1. Funding and managing medical benefits.  Municipalities can establish a Special Injury Leave Indemnity fund to pay for police and firefighter medical leave and expenses. Municipalities and other governmental bodies that adopt (or re-adopt) an “Other Post-Employment Benefits” (OPEB) fund – the assets of which cover solely pensioners’ health benefits – may no longer employ an outside service to hold the monies in the fund, but must appoint an internal body to manage the fund. That internal body can be the treasurer, the retirement board, or a board of trustees. Also, the treasurer may now accept gifts, grants, and other contributions to the OPEB Fund, instead of solely appropriated funds.
  1. Eliminating redundancy in financial staffing.  Towns may now combine treasurer and tax collector positions into one appointed position. And Select Boards may designate one of their members to examine all bills and payrolls, and decide whether or not to pay.
  1. Peer review consulting fees. Under current law, only certain local boards – zoning, planning, conservation and health — may charge applicants fees to compensate for the cost of using outside experts to help evaluate a proposal. The Bill expands this authorization to any municipal permitting board or official.
  1. Special accounts to ensure performance. The Bill authorizes municipalities to create special funds in which to hold refundable financial security to ensure a permit or license holder performs its obligations.
  1. New limits on property tax appeals. Taxpayers will now forfeit appeal rights to the Appellate Tax Board for failure to timely pay “preliminary” tax bills (issued in July/October).  Under current law, appeal rights are forfeited only for failing to timely pay the final tax bill (usually issued in January and due in February/May).  The Bill also clarifies that, for purposes of appeals, the tax payment receipt date is the postmark date.
  1. Reduced taxes on agricultural/horticultural land siting renewable energy. Farmland throughout the state benefits from reduced taxes under G.L. c. 61A. Under the Bill, the favorable tax status may be retained although some of the land may be used for a renewable energy facility if energy is primarily used on site or adjoining property.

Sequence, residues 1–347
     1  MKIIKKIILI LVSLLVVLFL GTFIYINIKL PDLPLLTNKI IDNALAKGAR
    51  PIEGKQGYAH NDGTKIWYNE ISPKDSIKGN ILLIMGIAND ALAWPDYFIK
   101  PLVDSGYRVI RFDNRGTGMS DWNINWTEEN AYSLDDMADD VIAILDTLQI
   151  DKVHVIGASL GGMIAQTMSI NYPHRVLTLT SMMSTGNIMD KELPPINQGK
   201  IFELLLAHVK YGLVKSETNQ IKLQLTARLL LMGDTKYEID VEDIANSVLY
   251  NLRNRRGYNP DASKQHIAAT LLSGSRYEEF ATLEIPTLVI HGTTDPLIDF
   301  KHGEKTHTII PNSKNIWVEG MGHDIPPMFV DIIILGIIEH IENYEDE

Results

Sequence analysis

1. Double Utility Poles. Many municipalities have struggled to get telephone and electric utility companies to remove old poles from locations where new poles have been erected, in part because of insufficient coordination among utilities for movement of wires belonging to multiple utilities on the same poles. The Bill requires all utilities to jointly file a report of double pole removal efforts and contemplates that joint committees of the House and Senate will develop a fine structure to incentivize compliance with statutory requirements to timely remove double poles.
  1. Greater control over speed limits.  Without further authority from the state, municipalities may now establish 25 MPH speed limits for any town road in dense residential or business districts, and create 20 MPH safety zones.

In addition to these changes to the General Laws, the bill encourages municipalities to “regionalize.” It does so by directing state agencies to favor applications for funding from municipalities that will partner to use funds.

For more information about the entire list of changes contained in this Bill, please see the Massachusetts Municipal Association’s Section-by-Section summary of the bill here.


Our Summer Associate Eva Rasho co-wrote this post.

Photo Creditmichael davis-burchat

About the Author

Kevin D. Batt – Senior Counsel

Kevin represents public clients in general municipal, land use, environmental, energy and construction matters.

Please contact him at (617) 621-6514 or by emailing

Posted In: Municipal Law, Procurement